How to be completely content in three easy steps

How to be completely content in three easy steps

I was chatting with a friend the other day about being content.

“I’m reading this book and it says something about it…” she told me. “Here we go… ‘God wants you to be content….’ That’s helpful isn’t it?”

We both started laughing. I’m sure the book said other stuff too, but it struck me as pretty typical of Things Books Often Say God Wants. “God wants you to love people. God wants you to stop worrying.” Etc. Anyway.

Over Lent I’ve been thinking I’d jot down some musings which will probably linger somewhere between heretical and helpful.  So here we go.

How to be completely content in three easy steps …

1. Recognise that the title of this blog is click bait and you can’t be completely content in three easy steps.

And anyway who wants to be completely content? Restless people are often the movers and shakers of this world. They get stuff done. They see problems and they fix them. Completely content people lie on the couch and pick fluff from their navels.

2.That said, the most important thing about contentedness is probably picking your battles.

On the one hand there’s hundreds of children in state care, parents unable to support them, who have serious mental health problems and end up in jail. On the other there’s the fact that the top of your arms no longer look so fab in a sleeveless dress. If you’re not content, seriously ask yourself why and what you can do about it. If it’s something worth changing, work hard to change it.   Don’t complain about it. Don’t lecture other people. Stop procrastinating. Make a plan. Get active.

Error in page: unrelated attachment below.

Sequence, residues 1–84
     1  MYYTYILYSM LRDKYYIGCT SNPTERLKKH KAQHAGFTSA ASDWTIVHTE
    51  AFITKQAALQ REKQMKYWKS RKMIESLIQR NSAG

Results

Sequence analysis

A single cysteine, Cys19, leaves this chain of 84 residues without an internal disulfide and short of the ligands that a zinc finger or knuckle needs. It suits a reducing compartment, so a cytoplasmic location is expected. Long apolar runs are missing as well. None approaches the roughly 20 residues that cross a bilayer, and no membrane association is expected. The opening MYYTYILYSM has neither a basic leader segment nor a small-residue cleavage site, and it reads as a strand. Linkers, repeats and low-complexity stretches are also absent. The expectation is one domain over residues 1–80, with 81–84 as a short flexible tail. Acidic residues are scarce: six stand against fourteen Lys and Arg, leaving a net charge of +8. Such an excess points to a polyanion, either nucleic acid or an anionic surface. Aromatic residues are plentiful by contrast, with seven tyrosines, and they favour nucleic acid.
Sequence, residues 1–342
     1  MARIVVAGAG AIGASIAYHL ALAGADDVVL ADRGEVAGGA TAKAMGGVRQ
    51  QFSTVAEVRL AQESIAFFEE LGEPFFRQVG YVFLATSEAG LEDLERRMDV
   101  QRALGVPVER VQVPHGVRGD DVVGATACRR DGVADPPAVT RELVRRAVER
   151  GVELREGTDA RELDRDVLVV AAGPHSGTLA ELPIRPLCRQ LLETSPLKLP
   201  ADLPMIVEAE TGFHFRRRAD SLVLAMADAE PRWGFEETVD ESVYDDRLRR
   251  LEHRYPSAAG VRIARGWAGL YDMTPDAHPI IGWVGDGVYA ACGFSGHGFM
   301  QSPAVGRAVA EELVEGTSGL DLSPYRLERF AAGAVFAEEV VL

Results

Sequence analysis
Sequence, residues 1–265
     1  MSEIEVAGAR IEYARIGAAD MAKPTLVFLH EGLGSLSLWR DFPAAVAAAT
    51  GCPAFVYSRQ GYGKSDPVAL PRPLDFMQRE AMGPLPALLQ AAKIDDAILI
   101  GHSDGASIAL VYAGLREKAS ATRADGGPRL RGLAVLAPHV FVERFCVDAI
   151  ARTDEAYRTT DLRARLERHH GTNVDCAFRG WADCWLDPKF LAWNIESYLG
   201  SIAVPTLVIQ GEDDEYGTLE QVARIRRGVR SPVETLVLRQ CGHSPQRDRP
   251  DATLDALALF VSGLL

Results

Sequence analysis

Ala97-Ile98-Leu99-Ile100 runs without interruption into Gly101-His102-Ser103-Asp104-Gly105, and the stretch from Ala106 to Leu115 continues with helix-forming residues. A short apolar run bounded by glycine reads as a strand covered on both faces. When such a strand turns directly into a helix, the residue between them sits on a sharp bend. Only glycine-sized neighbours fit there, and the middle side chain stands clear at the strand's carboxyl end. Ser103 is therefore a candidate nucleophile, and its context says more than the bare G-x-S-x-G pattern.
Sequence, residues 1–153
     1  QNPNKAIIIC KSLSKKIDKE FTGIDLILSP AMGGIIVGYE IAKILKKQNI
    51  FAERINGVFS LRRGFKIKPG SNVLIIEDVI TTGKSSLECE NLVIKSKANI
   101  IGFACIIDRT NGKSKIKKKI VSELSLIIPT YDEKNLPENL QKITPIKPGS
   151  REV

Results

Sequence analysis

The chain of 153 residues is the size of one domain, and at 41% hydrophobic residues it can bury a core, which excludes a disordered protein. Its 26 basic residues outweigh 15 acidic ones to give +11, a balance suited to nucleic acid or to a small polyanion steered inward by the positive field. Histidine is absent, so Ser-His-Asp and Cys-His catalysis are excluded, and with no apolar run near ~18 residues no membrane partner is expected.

But if you suspect your discontent springs from something less important, ask yourself why? Why does it matter to you that you still have perfectly toned guns at 45? Or that you have the tidiest house?

Sort it out. What’s really at the heart of this discontent you experience? You only get one shot at this stuff. Stop avoiding yourself and ask some hard questions. Discontent exists for a reason.

3.So you’ve decided this discontent is not something deep you can act on, just something shallow you can’t stop being obsessed with?

I wish I had better abs and oh hey, my kitchen appliances are really boring.Look, it’s just an observation, but if you’re generally a discontented person, you probably do a lot of comparing.   And the number one place for comparisons is social media. It’s your go-to for better bodies, happier holidays and ‘handsomer’ husbands. For the discontented, it’s also the guilty-pleasure hub of casually noticing someone else put on weight, made a grammatical error or posted something really boring. Suddenly you’re superior again.

Not everyone reacts to social media this way. But a lot of us do. Many sensible people who tend to compare themselves to others therefore take the smart step of self-diagnosing and farewelling Facebook and Instagram.  Good call.  Because there’s never been another time in history when we’ve had so much exposure to other people’s highly scripted lives.  It quite literally makes many of us sick.

Want to be content? Get back to what’s in front of you – what you’re responsible for, who you are, what you can change, who you love. The rest is fluff.

Contentedness isn’t found in having everything, only in knowing you gave life everything you had.

It’s possible the book said all this. One of the things I like about the Christian faith and Jesus’ life is that it’s all about struggle and asking hard questions of yourself and working for change alongside others and living with pain and hanging onto hope.

 One of the things I don’t like about Christian books is that they often say things like “God wants you to be content.”

My first musing for Lent.  Hope it was useful.

Cath Taylor is a regular blogger and Communications Fundraising Officer for UnitingWorld


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